Learning from Science Fiction with Greg Borenstein

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Presented at FITC Toronto 2014 on April 27-29, 2014
More info at www.FITC.ca

OVERVIEW

For more than a century, science fiction has been both the conscience and the subconscious of the technology industry. Its authors have invented new ideas that became world-changing technologies and they’ve shaped the moral, philosophical and aesthetic lenses that we use to understand our changing world. We use an interface from Minority Report to operate our Star Trek communicators, in order to communicate over geostationary satellites invented by Arthur C. Clarke, to visit William Gibson’s cyberspace and experience the drifting identities and psychological dislocation described by Philip K. Dick.

As a designer, technologist and artist, Greg Borenstein has mined science fiction for storytelling tools that help communicate how new technologies feel and what they might mean to our world. In this talk, Greg presents projects that show some of what he has learned and outline ideas that may come in handy in your own practice.

FULL BIO

Greg Borenstein is an artist, technologist, and teacher, creating illusions for humans and machines. His work explores computer vision, machine learning, game design, visual effects, and drawing as media for storytelling and design.

Greg is a graduate of the NYU Interactive Telecommunications Program (http://itp.nyu.edu/) and has worked for firms such as Makerbot and Berg London. He is the author of a book for O’Reilly about the Microsoft Kinect, titled ‘Making Things See: 3D vision with Kinect, Processing, Arduino and MakerBot.’

He is currently a researcher in the Playful Systems Group at the MIT Media Lab.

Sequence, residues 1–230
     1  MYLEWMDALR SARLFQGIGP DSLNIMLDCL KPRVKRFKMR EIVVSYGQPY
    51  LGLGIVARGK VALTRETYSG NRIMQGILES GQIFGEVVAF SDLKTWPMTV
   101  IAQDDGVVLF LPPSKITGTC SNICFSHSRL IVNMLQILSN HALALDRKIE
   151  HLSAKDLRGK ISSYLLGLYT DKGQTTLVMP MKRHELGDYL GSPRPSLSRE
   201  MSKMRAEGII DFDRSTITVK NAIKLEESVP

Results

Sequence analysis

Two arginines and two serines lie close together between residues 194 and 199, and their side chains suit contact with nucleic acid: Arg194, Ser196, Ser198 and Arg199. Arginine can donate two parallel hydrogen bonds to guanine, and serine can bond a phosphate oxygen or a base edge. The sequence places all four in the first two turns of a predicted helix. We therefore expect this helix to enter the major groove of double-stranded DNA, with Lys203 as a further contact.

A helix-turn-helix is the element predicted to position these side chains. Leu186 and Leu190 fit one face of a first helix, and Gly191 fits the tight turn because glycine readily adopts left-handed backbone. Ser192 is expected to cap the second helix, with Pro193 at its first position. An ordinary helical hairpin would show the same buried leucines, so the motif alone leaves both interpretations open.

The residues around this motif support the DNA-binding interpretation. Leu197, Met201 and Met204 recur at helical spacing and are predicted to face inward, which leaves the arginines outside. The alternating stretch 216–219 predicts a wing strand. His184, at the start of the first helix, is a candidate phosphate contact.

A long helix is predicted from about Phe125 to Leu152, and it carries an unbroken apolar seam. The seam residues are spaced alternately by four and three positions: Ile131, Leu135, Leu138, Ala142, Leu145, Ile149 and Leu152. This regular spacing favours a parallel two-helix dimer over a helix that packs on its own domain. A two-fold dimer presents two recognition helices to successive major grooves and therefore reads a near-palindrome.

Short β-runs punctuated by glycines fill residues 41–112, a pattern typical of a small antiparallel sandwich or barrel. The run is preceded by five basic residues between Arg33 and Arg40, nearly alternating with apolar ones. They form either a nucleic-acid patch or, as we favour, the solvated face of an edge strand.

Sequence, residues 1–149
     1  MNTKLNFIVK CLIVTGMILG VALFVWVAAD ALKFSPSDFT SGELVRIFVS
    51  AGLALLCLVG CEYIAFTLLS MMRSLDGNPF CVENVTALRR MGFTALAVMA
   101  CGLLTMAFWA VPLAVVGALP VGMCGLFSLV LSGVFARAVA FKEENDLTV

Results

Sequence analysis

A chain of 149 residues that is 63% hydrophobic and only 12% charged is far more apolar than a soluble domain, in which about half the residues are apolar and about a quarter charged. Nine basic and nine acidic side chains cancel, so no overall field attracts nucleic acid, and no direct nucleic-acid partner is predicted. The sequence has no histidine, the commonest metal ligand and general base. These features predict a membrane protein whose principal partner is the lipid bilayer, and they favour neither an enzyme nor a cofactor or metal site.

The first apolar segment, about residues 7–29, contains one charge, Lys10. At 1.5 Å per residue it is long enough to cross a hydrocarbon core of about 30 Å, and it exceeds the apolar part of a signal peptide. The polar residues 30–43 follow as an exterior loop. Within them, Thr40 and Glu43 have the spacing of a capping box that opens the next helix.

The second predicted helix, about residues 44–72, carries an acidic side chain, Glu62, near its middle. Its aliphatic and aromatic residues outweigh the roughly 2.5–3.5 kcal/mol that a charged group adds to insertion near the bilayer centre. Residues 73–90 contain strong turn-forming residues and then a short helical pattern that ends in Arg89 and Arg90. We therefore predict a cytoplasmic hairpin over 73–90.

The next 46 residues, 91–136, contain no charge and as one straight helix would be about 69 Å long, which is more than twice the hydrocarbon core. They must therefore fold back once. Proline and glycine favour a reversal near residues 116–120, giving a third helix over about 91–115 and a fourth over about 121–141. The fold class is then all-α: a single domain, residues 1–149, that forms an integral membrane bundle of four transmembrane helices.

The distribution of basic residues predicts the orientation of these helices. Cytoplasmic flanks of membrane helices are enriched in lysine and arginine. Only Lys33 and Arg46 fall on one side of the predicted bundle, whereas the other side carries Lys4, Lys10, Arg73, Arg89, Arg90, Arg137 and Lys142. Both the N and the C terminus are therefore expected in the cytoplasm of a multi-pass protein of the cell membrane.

Published in: Technology, Education
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Learning from Science Fiction with Greg Borenstein

  1. 1. Learning from Science Fiction Greg Borenstein MIT Media Lab, Playful Systems
  2. 2. OpenCV for Processing github.com/atduskgreg
  3. 3. A good science fiction story should be able to predict not the automobile but the traffic jam. — Fredrik Pohl
  4. 4. “The abrupt jolt into other flesh. Matrix gone, a wave of sound and color . . . She was moving through a crowded street, past stalls vending discount software, prices felt penned on sheets of plastic, fragments of music from countless speakers. Smells of urine, free monomers, perfume, patties of frying krill. For a few frightened seconds he fought helplessly to control her body. Then he willed himself into passivity, became the passenger behind her eyes.”
  5. 5. thingiverse.com/thing:277787
  6. 6. Design Fiction vs. Science Fiction
  7. 7. “the deliberate use of diegetic prototypes to suspend disbelief about change.” — Bruce Sterling
  8. 8. Keiichi Matsuda Domestic Robocop, 2010
  9. 9. Veronica Ranner Biophilia, 2011
  10. 10. Kevin Grennan Prototype Robot Armpit, 2011
  11. 11. BACKWARDS
  12. 12. BACKWARDSBEAUTIFUL BUT
  13. 13. Imagination -> Prediction ! Technology -> Storytelling
  14. 14. Technology -> Prediction ! Storytelling -> Imagination
  15. 15. Collaboration with John Powers 2H2K
  16. 16. 2H2KArtificial Labor
  17. 17. Supervised Learning
  18. 18. Martin Cuilla 1028 emails
  19. 19. All science fiction is really about the present. — Cory Doctorow
  20. 20. Sophia Brueckner Dan Novy
  21. 21. thanks. gregborenstein.com @atduskgreg

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